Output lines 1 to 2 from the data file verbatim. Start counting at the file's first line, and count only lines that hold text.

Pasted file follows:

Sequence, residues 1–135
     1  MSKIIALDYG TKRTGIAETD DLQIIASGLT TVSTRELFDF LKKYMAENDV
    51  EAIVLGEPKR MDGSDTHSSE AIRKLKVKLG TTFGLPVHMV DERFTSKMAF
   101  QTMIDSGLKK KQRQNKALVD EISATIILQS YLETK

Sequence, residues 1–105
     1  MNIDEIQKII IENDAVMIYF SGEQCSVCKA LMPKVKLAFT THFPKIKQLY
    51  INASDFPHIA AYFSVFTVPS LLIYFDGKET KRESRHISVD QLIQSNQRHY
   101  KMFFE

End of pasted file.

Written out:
Sequence, residues 1–135
     1  MSKIIALDYG TKRTGIAETD DLQIIASGLT TVSTRELFDF LKKYMAENDV